It’s the News Feed, minus the news
Without much critical examination, teachers accept they have to grade, students accept being graded, and none of us spend enough time thinking about the why, when, and whether of grades.
At the June 4 meeting of the Tackling a Wicked Problem instructors group, we were asked to develop an action plan to lay out things we need to learn about and/or do between now and our next meeting on July 30. Here is my action plan.
I first saw a trailer for this movie over a year ago and I was kind of skeptical at the idea of a biopic that billed itself as a “true fantasy.” But as I saw the trailer over and over, the idea grew on me. Now that I’ve seen the movie, I see exactly why it needed to be called a true fantasy. The best thing about the movie is the music, of course, but a close second is the performance by Taron Edgerton. There are times when you would swear you were watching Elton John on the screen. I also love the fact that the movie doesn’t fall into the trap of most biopics–presenting almost a checklist of “Important Moments” in the life of the famous person. Instead, this movie presents what I imagine is an essence of Elton John’s life. There are reenactments of important moments in his life but the fantasy elements typically come into play during those moments and I think that breathes life into them in a way that is missing in the standard biopic. Rami Malek won an Oscar for his portrayal of Freddie Mercury last year. Edgerton is even better as John so I expect he will be a contender for an Oscar this year.
I’ll have to bump this up my list. I was already half sold with Taron Edgerton’s role as “Johnnie” in the animated movie Sing.
18 track album
Hat tip: Aaron Davis
I have to be better about posting my movie “reviews” more quickly. I get overwhelmed thinking that I need to write something about the movie when really the whole point of me doing these reviews is just to record what movies I’ve seen. So this month, I’m writing very little about each of these viewings.
Summer is here and, with it, I again have the privilege of teaching a grad class with the (mouthful of) a title “Digital Citizenship, Intellectual Property, and Internet Legal Issues” AKA “Nousion” because…shorter titles FTW. It’s a small class (12-weeks, a half-dozen students) about big ideas. Any one of the clauses in the title could be a semester-long class, a PhD dissertation, or a book!
But we start with digital citizenship because, as problematic as the concept is, I think it works to have everything else in the course be part, or a function of, it. And the questions there are perennial:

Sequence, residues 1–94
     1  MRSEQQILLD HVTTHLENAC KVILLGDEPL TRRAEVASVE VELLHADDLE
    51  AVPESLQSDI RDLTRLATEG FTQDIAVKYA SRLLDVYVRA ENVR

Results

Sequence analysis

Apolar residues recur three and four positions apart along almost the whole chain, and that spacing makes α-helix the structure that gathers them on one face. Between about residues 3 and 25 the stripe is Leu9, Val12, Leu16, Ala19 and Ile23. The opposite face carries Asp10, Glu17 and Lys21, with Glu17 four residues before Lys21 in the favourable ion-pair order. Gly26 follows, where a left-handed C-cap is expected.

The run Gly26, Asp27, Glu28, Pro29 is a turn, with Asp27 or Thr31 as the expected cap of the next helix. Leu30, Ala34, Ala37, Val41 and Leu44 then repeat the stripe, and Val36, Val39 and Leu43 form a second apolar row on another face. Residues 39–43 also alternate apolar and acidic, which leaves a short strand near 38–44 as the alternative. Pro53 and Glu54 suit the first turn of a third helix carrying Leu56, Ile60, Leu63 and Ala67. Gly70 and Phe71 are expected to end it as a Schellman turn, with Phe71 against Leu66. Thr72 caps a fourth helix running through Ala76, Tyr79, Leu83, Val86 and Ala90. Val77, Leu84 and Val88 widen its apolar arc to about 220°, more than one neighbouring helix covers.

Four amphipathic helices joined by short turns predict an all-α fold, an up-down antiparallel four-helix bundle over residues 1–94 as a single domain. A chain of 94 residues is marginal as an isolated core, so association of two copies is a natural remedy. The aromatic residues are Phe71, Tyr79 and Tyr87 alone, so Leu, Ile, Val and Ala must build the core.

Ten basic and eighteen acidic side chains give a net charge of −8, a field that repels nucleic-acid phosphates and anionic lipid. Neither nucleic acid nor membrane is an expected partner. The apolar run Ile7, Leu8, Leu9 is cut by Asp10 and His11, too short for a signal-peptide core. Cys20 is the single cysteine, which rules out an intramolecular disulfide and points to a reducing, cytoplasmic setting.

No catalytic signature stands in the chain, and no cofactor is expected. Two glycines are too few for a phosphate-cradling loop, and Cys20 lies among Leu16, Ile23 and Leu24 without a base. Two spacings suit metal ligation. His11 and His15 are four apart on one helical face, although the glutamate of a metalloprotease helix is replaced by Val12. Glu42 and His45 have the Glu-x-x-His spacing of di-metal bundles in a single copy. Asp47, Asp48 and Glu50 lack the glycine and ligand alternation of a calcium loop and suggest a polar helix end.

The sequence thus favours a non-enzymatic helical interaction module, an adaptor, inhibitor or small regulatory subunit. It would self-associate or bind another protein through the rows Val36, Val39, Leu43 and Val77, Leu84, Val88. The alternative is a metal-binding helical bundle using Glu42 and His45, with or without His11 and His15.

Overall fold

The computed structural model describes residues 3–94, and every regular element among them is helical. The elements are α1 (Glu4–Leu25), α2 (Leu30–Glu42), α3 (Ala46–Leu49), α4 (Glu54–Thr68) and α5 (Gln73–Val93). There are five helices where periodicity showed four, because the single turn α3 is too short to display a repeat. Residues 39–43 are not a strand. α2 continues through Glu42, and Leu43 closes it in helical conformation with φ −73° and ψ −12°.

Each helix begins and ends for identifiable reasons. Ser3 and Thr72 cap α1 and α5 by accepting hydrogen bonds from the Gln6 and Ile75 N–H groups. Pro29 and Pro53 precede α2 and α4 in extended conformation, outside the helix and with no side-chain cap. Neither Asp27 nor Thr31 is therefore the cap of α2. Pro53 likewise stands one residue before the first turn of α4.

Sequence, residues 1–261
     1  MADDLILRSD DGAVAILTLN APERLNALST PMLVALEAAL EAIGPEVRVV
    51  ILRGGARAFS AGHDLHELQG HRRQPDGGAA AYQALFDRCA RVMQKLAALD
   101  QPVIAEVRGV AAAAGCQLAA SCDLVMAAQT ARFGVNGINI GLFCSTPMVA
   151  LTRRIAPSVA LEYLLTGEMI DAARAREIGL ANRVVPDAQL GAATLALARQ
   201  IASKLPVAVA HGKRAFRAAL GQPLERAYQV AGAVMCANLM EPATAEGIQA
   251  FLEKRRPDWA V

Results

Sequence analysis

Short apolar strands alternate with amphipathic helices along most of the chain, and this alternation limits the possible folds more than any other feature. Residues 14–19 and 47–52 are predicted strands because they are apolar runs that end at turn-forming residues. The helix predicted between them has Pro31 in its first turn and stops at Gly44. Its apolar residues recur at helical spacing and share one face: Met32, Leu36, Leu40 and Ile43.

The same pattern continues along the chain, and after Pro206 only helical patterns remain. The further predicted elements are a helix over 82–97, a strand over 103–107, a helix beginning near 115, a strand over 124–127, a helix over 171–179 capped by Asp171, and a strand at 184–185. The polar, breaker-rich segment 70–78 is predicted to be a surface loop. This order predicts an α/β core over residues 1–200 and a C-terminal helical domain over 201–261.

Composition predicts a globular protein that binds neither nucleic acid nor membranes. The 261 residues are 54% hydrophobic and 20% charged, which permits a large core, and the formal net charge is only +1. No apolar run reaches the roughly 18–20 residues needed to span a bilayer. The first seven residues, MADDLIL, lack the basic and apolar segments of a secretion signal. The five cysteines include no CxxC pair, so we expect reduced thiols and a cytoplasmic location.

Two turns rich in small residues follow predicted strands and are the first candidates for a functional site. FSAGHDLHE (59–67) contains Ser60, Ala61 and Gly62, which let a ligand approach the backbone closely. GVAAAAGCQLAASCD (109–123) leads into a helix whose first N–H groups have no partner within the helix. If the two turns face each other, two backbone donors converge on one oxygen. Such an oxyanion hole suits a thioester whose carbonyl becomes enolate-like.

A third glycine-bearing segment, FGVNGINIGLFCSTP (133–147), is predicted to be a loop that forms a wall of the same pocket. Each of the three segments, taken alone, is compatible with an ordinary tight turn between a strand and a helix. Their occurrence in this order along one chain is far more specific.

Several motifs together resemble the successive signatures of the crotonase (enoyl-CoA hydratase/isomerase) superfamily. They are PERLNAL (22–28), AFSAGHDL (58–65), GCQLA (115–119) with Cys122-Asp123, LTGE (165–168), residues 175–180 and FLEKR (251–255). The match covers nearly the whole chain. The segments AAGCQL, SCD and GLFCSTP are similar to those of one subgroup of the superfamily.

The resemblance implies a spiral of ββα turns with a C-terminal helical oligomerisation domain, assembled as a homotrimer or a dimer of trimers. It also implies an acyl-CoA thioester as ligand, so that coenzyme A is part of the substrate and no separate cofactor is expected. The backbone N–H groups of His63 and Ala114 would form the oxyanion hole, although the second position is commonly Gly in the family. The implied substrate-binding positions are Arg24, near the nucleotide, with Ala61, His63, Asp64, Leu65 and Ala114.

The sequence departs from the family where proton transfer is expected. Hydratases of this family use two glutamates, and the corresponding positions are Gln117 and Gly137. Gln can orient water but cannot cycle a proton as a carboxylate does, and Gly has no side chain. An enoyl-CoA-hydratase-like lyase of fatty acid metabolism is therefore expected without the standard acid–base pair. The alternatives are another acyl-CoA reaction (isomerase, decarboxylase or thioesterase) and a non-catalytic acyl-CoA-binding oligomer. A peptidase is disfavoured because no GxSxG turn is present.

- What does the word “digital” mean and do here?
- What is citizenship?
- How do we live and work online, individually and together?
- Where does digital literacy fit?
- What about identity?
- What about privacy?
- Whose data?
You get the idea. I love exploring this topic every summer with a cohort of engaged students even if by the end of each term the most important lesson I’ve learned is just how much more I don’t know and if the only answers to those questions are more questions.
One of my favorite new podcasts is WNYC’s 10 Things That Scare Me, a “tiny podcast about our biggest fears.” The premise is simple: someone (the guests, sometimes famous, often anonymous, are unidentified until the end of the show) shares—directly into the mic—ten things that scare them, each with little bit of narrative.
Sometimes funny, sometimes harrowing, mostly brutally honest…there’s just something beautiful in the simplicity of this direct sharing of fears. To get a taste, here’s a random sample of fears from recent episodes:
- climate change
- the marionette in my mom’s bedroom
- my Google search history being made public
- becoming irrelevant
- breathing tubes
- being shot by law enforcement.
Also, the relatively lo-fi (but very much intentionally so) format and editing fit the idea perfectly.
Best listened to without looking at the title of the show which, unfortunately, gives away the guest’s identity.
I took a few days off for the absolute pleasure of going to the Domains19 conference organized by the great people of Reclaim Hosting (my sc...
There is a large disconnect between what gets covered in the media and the day-to-day reality for most. How do causes of death in the US match with media coverage and what people search for online?
Some interesting ethical and moral questions here relating to public health and how it’s covered in the media.
This could be a nice interview segment for On the Media.
Homes have gotten bigger, but Americans aren’t any more pleased with the extra space.
Rodriguez is due back in court June 26.
I would think the mayor’s office and internal affairs would be all over this…
For years, tech companies have relied on a rhetorical sleight of hand. It’s not working anymore.
They’re still held to a higher social standard, which explains why they’re doing so much housework, studies show.
Manufacturers are ditching equation editors in word-processing software in favour of the LaTeX typesetting language. Here’s how to get started.